Similar to the way that Praetor enables the growth of providers, Cloudmos enables less technical users to deploy on Akash by providing an easy-to-use graphical user interface (GUI), as an alternative to Overclock’s CLI method.
Cloudmos includes a downloadable (win/exe and mac/dmg images available here) application, as well as a beta web-based UI for deploying an application. They have also built a very cool pricing comparison tool https://cloudmos.io/price-compare that compares the price of compute resources on Akash with those on the three major public cloud providers (AWS, Azure, and GCP).
Terraform Provider for Akash (by Luna, an Akash Insider)
Terraform is one the most popular infrastructure automation tools used by DevOps teams that operate public cloud infrastructure. The way Terraform automates infrastructure provisioning is through the use of “providers”. Put simply, a “Terraform Provider” is like a “plugin” that lets you work with public APIs provided by cloud service providers, SaaS providers, and other services used by a development team. Given the popularity of Terraform among developers and operations engineers, we were excited to see someone from the Akash community take it upon themselves to build a Terraform provider for Akash. The provider is located at the official Hashicorp Terraform registry docs here. Detailed instructions on how to use it can be found in the Akash Network docs here.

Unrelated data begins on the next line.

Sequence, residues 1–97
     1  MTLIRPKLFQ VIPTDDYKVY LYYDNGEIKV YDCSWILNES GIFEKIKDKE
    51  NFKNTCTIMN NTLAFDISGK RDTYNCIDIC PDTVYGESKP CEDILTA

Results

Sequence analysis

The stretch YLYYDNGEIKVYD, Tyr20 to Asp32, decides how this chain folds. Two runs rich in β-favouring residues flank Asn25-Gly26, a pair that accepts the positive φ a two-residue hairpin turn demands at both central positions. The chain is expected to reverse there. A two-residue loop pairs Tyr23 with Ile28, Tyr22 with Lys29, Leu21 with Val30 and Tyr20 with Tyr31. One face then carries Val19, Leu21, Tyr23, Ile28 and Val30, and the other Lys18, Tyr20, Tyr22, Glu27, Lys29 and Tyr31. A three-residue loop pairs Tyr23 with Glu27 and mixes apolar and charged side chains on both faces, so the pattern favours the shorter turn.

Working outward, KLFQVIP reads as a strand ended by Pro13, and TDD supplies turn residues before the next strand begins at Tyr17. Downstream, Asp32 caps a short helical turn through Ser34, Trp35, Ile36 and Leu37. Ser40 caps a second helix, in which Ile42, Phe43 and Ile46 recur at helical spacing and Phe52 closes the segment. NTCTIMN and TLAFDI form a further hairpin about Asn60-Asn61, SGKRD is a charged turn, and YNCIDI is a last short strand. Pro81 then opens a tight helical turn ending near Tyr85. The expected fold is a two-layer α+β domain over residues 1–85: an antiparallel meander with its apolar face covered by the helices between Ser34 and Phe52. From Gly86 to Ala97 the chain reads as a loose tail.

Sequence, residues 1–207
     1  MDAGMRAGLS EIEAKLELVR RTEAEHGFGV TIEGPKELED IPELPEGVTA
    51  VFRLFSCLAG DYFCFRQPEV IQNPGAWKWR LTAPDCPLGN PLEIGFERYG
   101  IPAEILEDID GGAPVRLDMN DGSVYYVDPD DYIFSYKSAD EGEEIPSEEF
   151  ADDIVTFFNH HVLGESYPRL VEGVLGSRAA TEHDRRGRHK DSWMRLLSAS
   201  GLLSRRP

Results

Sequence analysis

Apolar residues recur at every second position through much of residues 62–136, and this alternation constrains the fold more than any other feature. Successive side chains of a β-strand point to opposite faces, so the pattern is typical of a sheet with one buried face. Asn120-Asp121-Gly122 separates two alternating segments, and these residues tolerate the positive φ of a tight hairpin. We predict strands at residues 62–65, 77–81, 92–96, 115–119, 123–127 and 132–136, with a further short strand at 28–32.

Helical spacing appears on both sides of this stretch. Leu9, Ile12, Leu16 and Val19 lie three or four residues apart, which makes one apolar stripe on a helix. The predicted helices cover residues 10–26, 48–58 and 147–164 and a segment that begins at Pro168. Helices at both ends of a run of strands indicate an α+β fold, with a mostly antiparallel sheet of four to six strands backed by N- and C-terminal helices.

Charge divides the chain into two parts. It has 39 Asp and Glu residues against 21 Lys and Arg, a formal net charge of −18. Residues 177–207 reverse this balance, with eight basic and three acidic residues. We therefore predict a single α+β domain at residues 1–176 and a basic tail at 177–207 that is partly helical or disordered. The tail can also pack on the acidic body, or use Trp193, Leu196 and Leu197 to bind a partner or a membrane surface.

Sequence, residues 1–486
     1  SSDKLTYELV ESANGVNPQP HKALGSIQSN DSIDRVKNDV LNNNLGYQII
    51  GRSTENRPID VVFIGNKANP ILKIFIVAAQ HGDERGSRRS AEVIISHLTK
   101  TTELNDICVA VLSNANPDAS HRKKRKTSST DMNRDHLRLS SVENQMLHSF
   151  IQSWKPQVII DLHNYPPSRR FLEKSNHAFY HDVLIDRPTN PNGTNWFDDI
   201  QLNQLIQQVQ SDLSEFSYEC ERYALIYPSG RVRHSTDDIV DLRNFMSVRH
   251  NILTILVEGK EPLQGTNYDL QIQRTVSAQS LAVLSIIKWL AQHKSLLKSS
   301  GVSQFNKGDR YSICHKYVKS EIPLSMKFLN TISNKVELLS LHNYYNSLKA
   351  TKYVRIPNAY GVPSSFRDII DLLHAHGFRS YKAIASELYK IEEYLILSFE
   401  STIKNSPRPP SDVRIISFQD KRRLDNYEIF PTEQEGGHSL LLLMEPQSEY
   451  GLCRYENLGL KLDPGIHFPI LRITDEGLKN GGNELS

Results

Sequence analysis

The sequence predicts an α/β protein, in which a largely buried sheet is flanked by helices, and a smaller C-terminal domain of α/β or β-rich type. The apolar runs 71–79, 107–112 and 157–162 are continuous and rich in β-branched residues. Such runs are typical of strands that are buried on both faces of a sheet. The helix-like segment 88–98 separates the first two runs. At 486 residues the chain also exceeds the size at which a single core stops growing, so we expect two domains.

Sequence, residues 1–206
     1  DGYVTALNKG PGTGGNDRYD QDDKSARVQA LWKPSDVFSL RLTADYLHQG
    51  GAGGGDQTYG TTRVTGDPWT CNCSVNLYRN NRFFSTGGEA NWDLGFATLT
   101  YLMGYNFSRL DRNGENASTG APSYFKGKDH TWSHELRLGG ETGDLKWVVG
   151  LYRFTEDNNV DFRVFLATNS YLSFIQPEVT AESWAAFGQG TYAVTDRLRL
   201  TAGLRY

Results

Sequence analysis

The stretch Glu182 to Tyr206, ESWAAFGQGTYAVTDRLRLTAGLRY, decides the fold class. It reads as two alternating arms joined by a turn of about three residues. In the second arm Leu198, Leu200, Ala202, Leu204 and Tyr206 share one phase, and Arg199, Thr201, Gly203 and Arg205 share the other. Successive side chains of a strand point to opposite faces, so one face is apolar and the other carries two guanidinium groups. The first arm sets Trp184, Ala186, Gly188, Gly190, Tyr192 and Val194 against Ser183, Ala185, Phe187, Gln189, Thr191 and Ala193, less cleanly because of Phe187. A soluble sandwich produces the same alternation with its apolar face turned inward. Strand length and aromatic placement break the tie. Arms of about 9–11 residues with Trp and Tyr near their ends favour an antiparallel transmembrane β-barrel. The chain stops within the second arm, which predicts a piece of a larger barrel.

A key part of Akash Network’s value comes from the diversity of its providers. While this is an advantage, it also creates a challenge because we have to ensure that the providers are who they claim to be and the services they claim to provide (amount of compute resources, reliability, security) are accurately represented. While the Akash core team (Overclock Labs) has a process for auditing providers before they are allowed onto the network, a critical part of scaling Akash Network is to have additional auditors. This is where Moultrie Audits fulfills an important role. They perform checks on all Akash providers when they join, as well as on a regular basis, to ensure the providers are accurately representing themselves on the Akash Network marketplace.
Vixello are builders and recently joined as validators within the Akash ecosystem. Vixello is focused on building tools that accelerate the adoption of web3, by bridging the gap for those coming from web2.
The Vixello team is increasingly active within the Akash ecosystem. They are testing tools encapsulating general business functions such as: invoice management, fiat to crypto payments, and decentralized business processes — in a manner that enables web2 and web3 to coexist.
Join the Akash Ecosystem
Akash Network greatly values its ecosystem of third-party products and services and is always excited to hear about new ones.
If you are interested in becoming a provider on Akash Network, building services for Akash, or integrating with Akash — reach out to us via akash.network, or any of our ecosystem partners.
Meanwhile, if you are eager to get started, head over to Akash Network’s documentation.